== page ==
Turkey’s President Recep Tayyip Erdoğan has announced the start of military operations in opposition-held Idlib Province in northwest Syria.
Following discussions in the past week with leaders of Iran and Russia — both essential allies of the Assad regime who had been on the opposite side from Turkey for much of Syria’s 79-month conflict — Erdoğan told a meeting of his ruling AKP on Saturday that the operations will be directed against the jihadist bloc of Hayat Tahrir al-Sham.
HTS is led by the faction Jabhat Fatah al-Sham, which was known as Jabhat al-Nusra and pledged allegiance to Al Qa’eda up to July 2016. This summer the group took control of parts of Idlib from the leading rebel faction Ahrar al-Sham.
HTS’s presence has unified Turkey, Russia, and Iran as well as the US — all of whom consider it a “terrorist” organization which should be attacked. Moscow and the Assad regime have long used the pretext of HTS to attack other rebel factions and civilian sites in opposition territory, including renewed airstrikes on Idlib since September 19.
Those strikes effectively defied the “de-escalation zone” declared by Russia, Turkey, and Iran earlier in the month, as well as sitting uneasily alongside the declaration that Turkish, Russian, and Iranian personnel will deploy in and around Idlib to monitor a ceasefire.
Erdoğan did not refer to the complication in his speech. Instead, he presented the “landmark operation” as a natural extension of Turkey’s intervention in August 2016, alongside Free Syrian Army factions, to take territory in northern Aleppo Province adjacent to Idlib:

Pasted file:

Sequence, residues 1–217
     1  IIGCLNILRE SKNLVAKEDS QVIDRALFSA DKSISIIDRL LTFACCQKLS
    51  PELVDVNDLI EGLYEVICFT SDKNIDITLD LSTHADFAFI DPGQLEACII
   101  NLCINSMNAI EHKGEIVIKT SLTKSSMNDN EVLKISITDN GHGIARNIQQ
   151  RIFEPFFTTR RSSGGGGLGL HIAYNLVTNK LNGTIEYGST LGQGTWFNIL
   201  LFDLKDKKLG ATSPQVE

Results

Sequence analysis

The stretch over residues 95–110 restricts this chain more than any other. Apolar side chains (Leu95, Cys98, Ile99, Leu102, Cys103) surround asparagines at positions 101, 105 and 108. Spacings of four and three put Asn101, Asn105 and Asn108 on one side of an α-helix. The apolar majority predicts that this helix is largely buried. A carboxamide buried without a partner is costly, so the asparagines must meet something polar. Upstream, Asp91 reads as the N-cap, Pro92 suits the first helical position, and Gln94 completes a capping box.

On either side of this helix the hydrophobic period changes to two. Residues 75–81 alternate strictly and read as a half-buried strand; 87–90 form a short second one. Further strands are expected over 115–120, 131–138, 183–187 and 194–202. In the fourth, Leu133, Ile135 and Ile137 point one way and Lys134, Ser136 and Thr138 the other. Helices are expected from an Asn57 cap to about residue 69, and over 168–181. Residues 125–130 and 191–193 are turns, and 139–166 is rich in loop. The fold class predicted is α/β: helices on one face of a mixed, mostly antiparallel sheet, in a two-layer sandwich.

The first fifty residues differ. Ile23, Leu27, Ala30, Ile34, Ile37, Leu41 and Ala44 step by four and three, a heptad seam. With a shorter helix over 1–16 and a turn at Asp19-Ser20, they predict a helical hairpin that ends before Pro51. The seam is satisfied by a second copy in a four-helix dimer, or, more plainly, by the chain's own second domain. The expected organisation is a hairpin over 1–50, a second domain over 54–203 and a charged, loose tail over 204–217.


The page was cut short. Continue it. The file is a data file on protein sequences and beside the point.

We have to help our brothers who arrived in Idlib after fleeing Aleppo. We won’t let them down. The necessary step was taken and it is ongoing. We will never allow the formation of a terror corridor along our border with Syria.
The President was cautious in answering a question about whether Turkish troops have entered Idlib for the operations: “The FSA is currently carrying out the operation and our soldiers are not there.”
But he pointed to an extension of Turkish-Russian cooperation, following their reconciliation in summer 2016, as he said that while Turkish armed forces support the operation from inside Turkey, Russia is providing aerial support.
In sharp contrast to Turkey’s opposition to Russian military intervention between September 2015 and summer 2016 — including the downing of a Russian warplane that crossed Turkish territory — Erdoğan said Russia and Turkey are acting jointly for the protection of people in Idlib.
A Move Against Syria’s Kurdish PYD?
Turkey has also opposed the consolidation of an autonomous Kurdish area in northern Syria along the Turkish frontier, led by the Syrian Kurdish Democratic Party (PYD) and its YPG militia.
Erdoğan did not explicitly refer to that conflict during his address, although he reiterated that Ankara will not allow separatist operations in Iraq and Syria, just as “we haven’t allowed such operations within our borders” in facing the armed insurgency of the Turkish Kurdish PKK for more than 30 years.
An article in the pro-Erdoğan Daily Sabah is more direct in linking the Idlib intervention to an offensive against the Kurdish area in northwest Syria:
Ankara has made a plan to block the the PKK and its Syrian affiliate Democratic Union Party’s (PYD) efforts to establish a corridor on its southern border. The first step of the plan is to cut off the Idlib-Afrin corridor by providing order in Idlib and blockading [the Kurdish canton of] Afrin….
Ankara assumes that following the liberation of Idlib, it will be easier to defeat the YPG in Afrin.